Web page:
Defendant’s in Southeast Texas just had a new blow to their criminal discovery rights today when the 1st Court of Appeals released their newest opinion analyzing Brady disclosure. In Morris v. State, 01-16-00330-CR, __ S.W.3d __ (Tex. App.– Houston [1st dist.] 2017) Mr. Morris was convicted of family violence assault and was sentenced to 50 years in prison due to enhancements for previous allegations of domestic violence. On appeal, the defense raised the issue that Mr. Morris did not have access to the memos used to prove up the DV cases in impeachment of one of the state’s witnesses and that the state could not call a witness solely for impeachment purposes. The appellate court sided with the government and affirmed the conviction.
In its opinion, the court focused on the government’s argument that it did not have to produce the documents used during the impeachment because they were not “material” to the defense. The court reasoned that since Mr. Morris had received similar documents in a document dump from the Sheriff’s department eliminated the problems from the lack of disclosure. In its second point, it completely ignored the error of the impeachment problems since the trial attorney did not object properly in the context of the impeached statements. As expected, the court affirmed the trial court on both points of error.
So what actually happened here?
In my opinion this boils down to the court misapplying the law in one error and then the defense attorney just missing an objection on the other error. On the Brady error, the court applied the previous standard from its cases in criminal discovery. The problem with that is that the law changed materially with the introduction of the Michael Morton act in 2015. The changes to 39.14 changed the standard from the old Brady analysis as applied by the court here in that materiality no longer matters if the document has been suppressed. By definition, the change of statute would require the courts to reexamine this in light of the new laws. Here, the defense may have thought that the issue was waived, either due to not filing a request for discovery or some other matter during pretrial. Either way, the court should have made its ruling in light of 39.14 and cleared up this fast changing area of the law.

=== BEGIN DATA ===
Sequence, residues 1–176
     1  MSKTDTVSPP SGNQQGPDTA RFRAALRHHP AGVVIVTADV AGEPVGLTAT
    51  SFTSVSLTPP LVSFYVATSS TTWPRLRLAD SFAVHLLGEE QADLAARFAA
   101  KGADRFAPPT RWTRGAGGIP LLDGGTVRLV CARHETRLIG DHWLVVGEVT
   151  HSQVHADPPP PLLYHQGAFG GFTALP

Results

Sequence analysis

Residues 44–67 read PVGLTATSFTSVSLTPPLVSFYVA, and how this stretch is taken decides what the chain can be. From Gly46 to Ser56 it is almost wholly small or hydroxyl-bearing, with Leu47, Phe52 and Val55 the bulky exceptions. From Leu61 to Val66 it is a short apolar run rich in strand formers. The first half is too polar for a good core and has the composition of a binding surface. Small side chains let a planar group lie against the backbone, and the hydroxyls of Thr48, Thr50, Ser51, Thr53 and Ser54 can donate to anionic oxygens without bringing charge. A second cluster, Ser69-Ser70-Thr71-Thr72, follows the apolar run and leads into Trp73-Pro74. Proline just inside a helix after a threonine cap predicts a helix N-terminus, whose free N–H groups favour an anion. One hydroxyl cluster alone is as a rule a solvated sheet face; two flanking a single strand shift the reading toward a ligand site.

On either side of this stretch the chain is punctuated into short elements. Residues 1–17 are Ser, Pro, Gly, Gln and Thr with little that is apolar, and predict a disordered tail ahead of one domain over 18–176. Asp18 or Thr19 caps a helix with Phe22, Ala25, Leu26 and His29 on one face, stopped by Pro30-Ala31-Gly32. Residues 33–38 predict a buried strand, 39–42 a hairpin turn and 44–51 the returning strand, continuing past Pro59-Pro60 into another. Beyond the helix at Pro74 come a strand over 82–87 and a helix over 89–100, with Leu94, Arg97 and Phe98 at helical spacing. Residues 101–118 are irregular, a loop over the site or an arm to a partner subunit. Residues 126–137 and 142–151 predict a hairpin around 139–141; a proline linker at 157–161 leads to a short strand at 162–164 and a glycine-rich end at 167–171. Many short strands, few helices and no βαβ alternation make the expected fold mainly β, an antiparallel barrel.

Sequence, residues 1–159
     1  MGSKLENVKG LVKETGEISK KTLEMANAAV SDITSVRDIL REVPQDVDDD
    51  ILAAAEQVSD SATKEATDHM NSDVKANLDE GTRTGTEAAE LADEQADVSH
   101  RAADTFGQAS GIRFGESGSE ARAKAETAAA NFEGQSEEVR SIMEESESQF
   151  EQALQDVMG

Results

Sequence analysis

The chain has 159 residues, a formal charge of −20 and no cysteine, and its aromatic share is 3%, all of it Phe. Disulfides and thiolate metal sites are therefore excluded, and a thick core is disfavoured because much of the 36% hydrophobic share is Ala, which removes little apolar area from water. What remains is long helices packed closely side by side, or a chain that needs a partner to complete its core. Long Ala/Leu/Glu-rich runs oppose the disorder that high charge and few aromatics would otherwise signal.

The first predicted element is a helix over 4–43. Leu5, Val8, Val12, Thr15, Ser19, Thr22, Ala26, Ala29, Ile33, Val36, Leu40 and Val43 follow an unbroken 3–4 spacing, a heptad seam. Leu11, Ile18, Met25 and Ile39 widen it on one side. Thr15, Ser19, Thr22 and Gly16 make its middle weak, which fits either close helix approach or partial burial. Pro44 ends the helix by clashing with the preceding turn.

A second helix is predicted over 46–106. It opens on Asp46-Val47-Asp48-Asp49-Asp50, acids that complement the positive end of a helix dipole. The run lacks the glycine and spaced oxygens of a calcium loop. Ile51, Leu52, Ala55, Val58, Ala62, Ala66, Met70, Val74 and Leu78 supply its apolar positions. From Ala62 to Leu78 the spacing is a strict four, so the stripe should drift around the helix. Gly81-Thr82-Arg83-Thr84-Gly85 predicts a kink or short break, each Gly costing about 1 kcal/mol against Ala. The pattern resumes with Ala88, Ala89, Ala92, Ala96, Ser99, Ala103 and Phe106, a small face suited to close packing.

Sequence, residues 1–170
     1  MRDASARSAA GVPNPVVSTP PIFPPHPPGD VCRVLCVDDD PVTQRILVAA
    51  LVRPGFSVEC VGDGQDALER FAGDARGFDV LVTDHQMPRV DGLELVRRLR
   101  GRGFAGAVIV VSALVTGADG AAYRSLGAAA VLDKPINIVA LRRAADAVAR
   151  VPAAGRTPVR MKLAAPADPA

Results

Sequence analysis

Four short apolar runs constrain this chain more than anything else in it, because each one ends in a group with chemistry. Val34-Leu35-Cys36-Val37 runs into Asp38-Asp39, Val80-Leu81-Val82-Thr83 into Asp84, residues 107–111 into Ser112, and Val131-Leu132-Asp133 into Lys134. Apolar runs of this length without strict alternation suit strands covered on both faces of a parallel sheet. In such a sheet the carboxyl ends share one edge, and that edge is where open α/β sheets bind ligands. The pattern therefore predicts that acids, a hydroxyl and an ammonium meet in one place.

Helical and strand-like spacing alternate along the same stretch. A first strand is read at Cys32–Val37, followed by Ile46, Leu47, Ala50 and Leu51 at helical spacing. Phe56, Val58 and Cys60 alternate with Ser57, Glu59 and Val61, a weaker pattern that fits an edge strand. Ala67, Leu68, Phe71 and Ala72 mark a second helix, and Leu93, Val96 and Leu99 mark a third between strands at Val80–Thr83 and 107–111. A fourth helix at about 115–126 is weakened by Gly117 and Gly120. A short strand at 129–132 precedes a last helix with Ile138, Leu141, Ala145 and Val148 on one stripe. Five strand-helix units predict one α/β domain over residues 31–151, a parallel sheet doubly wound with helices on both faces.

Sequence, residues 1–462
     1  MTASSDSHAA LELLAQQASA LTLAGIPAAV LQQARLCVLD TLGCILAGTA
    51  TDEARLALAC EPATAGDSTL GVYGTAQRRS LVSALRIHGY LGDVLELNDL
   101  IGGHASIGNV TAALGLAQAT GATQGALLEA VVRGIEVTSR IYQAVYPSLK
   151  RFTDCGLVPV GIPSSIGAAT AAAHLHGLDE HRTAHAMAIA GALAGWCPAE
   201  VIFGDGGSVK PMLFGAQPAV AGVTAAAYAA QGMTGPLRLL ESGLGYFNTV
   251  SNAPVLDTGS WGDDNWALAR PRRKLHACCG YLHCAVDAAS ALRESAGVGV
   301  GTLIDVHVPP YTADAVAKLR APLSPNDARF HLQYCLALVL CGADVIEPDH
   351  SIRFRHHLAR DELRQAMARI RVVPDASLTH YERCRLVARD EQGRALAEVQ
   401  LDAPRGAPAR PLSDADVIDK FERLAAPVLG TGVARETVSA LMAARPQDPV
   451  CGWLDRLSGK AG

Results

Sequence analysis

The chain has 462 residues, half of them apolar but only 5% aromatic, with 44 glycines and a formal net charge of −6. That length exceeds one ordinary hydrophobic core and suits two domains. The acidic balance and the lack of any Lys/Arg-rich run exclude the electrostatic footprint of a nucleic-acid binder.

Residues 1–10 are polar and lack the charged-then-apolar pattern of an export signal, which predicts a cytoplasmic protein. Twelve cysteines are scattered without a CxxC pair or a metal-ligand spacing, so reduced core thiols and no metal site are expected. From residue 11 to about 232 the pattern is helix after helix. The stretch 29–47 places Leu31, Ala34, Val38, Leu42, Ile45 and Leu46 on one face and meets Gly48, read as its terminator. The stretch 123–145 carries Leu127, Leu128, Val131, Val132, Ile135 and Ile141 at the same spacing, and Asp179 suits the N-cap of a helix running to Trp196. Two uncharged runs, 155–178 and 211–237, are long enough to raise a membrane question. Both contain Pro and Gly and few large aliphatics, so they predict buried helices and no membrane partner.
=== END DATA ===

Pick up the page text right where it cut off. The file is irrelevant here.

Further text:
Impeachment under Rule 406
The second error is something that could happen to anyone. Trial objections are always a game depending on what your goals in examining a witness are and how to blunt the other side’s use of the testimony. Here, there is not much you could object to get around the court’s ruling. The court found that to succeed on this objection you have to make the objection specifically under Rule 406. The problem with that is how can you determine whether the witness was called solely to introduce impeachment evidence. Given this limit, the only way to do this would be to object as the state tries to introduce the impeachment evidence. Then you would have to move to strike any previous testimony elicited from the witness not connected to the impeachment. Regardless, this adds even more minutiae when trying a criminal case; and, when your rights are already under threat, limits yet another issue on appeal.